Clear on the fundamentals and with a few good insights early on, but thin on details and execution. Written from the perspective of a marketer, and one specifically interested in consumer goods. For a more fundamental grounding, read Rumelt's "Good Strategy/Bad Strategy."
"We can all agree that “strategy” is this big important thing, but how many of us have come across an actual real-life strategy which we truly found helpful?"
Three ways that "strategies" are bullshit:
"You’ve got to keep in mind that the only job a strategy really has, when you get right down to it, is to provoke specific action. Otherwise it’s just words on a PowerPoint deck, and it needn’t exist at all."
Companies do not make and sell a product. They make and sell value. A company with a good strategy brings their unique value to the fore. Being "the best" doesn't count because everyone wants to be that. Better to be the brand that is the only one to do a certain thing, and have that thing be something that people want.
Many things are valuable but not unique. You can get them anywhere. But truly unique value is something you have that your customer cannot get anywhere else.
"Many businesses think they’ve got their unique value offering nailed because they legitimately offer something none of their competitors do. The problem is that the reason their competitors don’t offer it is because it’s something nobody wants. Or at least not enough people to make a business out of it."
"Offer compelling value to your customers. Which lots of them want. Which they can’t get anywhere else. Which your products deliver effectively. And which your brand communicates memorably."
According to Smith, strategy fits into a hierarchy:
Any given strategy is bounded by two things, however:
Current market conditions: a space occupied by different companies and brands. The urge to "compete" within this is not necessarily good. Better not to compete with any of them and be slightly off to the side but still valuable, otherwise you'll race to the bottom and become the same.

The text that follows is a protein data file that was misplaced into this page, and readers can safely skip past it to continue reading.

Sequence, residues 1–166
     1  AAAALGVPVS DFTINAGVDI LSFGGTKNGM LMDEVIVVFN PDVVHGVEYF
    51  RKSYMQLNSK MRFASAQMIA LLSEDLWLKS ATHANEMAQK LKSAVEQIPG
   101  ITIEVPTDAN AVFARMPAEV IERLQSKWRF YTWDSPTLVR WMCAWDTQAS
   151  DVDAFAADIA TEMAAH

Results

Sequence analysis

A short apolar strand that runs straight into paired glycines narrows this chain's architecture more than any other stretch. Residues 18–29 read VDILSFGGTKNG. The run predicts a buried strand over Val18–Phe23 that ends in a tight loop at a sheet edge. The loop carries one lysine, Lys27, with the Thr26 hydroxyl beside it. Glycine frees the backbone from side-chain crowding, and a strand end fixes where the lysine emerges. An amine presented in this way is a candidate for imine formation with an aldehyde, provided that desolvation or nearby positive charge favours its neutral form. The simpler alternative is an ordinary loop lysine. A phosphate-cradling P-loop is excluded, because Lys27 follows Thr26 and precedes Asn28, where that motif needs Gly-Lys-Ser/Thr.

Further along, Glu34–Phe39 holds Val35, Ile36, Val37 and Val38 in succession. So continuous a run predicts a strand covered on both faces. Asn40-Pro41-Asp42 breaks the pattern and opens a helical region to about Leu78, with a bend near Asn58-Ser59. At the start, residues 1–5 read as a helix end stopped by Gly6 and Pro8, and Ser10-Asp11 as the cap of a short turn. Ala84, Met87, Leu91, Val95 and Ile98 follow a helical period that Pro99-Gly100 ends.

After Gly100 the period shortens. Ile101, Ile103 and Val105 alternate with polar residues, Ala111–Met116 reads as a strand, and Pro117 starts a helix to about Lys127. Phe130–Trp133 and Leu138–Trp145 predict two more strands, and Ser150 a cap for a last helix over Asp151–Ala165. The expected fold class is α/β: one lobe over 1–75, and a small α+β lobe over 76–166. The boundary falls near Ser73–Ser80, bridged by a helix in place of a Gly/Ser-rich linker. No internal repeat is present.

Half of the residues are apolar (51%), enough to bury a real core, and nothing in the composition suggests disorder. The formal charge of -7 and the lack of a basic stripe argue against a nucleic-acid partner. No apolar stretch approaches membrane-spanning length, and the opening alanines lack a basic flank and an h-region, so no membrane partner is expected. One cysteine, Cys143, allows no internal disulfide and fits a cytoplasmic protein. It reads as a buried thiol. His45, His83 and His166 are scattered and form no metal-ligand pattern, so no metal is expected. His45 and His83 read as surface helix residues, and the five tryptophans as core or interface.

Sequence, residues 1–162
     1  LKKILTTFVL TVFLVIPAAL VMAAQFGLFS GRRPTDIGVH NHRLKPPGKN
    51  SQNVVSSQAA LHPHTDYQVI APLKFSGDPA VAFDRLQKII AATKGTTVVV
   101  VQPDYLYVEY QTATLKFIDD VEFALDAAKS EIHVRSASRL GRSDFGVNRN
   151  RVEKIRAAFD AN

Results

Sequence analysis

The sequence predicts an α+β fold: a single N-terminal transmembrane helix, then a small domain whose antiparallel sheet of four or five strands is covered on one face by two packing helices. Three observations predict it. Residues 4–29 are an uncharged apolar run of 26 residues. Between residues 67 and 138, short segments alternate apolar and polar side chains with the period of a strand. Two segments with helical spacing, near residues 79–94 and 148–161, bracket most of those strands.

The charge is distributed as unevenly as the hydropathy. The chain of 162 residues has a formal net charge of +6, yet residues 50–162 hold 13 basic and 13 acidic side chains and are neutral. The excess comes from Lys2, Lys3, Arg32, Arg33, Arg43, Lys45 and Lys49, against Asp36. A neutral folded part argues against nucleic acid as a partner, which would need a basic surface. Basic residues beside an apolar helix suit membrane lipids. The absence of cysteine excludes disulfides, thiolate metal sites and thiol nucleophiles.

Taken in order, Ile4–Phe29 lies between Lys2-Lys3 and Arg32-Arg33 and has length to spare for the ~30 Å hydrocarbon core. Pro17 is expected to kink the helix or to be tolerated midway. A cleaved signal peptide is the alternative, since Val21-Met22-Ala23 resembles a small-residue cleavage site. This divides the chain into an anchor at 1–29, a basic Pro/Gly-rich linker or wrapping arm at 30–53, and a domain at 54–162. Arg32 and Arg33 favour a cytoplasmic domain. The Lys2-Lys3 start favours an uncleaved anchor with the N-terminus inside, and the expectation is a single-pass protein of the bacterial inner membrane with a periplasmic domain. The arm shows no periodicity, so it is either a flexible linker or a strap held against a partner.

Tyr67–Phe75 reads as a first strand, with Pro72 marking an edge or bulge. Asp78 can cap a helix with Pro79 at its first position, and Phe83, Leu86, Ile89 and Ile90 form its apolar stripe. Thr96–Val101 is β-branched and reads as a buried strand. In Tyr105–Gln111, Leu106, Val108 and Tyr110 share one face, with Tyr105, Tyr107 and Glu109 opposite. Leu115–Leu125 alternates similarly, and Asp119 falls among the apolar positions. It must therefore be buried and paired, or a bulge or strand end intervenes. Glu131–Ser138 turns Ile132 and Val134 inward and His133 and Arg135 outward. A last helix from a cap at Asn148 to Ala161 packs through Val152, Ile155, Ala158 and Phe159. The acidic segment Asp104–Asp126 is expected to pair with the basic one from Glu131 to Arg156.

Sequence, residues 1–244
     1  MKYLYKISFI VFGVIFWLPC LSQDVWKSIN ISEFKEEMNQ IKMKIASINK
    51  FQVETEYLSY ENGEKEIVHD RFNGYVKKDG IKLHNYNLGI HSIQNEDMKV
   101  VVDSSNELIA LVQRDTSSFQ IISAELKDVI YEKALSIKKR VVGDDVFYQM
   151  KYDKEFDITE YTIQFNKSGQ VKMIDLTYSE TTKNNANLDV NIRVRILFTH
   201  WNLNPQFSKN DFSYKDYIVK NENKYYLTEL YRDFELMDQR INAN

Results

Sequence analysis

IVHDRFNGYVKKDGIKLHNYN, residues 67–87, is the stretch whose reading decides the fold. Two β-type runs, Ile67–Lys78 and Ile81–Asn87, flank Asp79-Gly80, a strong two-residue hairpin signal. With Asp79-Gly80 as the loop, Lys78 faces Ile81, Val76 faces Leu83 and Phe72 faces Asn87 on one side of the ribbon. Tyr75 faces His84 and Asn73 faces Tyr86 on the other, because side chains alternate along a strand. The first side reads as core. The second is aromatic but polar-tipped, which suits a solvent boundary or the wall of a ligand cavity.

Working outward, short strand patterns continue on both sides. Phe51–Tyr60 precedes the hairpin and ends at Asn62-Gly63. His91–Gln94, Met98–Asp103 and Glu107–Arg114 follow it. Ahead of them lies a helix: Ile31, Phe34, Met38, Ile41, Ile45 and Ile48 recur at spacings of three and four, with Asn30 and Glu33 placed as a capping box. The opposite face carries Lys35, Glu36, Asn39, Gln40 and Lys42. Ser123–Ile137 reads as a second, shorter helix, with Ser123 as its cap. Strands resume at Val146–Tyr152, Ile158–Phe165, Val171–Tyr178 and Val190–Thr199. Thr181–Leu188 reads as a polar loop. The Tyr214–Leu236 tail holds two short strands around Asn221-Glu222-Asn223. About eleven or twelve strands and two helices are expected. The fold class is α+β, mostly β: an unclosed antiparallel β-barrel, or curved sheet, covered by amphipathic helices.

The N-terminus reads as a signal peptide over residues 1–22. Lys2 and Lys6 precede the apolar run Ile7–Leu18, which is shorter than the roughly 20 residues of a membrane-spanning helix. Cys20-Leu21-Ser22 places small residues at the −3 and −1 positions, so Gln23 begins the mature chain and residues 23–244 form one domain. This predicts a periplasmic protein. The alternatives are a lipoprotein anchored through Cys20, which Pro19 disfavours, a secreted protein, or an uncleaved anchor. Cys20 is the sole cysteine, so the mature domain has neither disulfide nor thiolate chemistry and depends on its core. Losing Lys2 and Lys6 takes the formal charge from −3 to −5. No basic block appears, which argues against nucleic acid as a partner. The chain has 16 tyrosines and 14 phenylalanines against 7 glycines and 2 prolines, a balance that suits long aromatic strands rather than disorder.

The company you're trying to guide: there is the company you think you've created... and then there's the one that it actually is. There may be a small difference, there may be a stark difference. It's your business to know, and help it accelerate towards that. A business that doesn't like what it really is, is self-loathing and is doomed to fail.
1) Context shift: frame your brand/company in a different category. Not working in box A? Move it to box B! Do you have a "true" competitor? The true competitor to a Harley Davidson is a conservatory, goes the saying.
2) Unexpected value: "What is a form of value that would make sense in this category, but which nobody has ever thought of delivering before because it seemed irrelevant?” The usual value for a cleaning product is perhaps "power," but what if you decided to make it stylish?
3) Contrarian value: disagree with the rest of your category. Nintendo loses to Xbox and PlayStation on power and graphics but wins on form, portability, and fun. This does mean sacrificing some market share, but the value is potentially much greater in the long term.
It's not a strategy if:
"It should go without saying, but a strategy is only as good as it is useful. Useful strategies have the power to: Align the whole business under a single coherent direction, Provoke new ideas and initiatives pretty much instantaneously, And most importantly, be understood by absolutely everyone"
Write it as prose. No slide decks. It needs to be something that can be interpreted by others, not something that has to be talked through. Clear writing also exposes bad thinking.
"Unfortunately many strategies don’t provoke a reaction of “got it” – instead they provoke reactions such as “OK, and what does that mean exactly?”, or, of course, variations of the word “how?”. Sometimes we might even say they leave people more confused than they were with no strategy at all."
Smith's outline would work like this:
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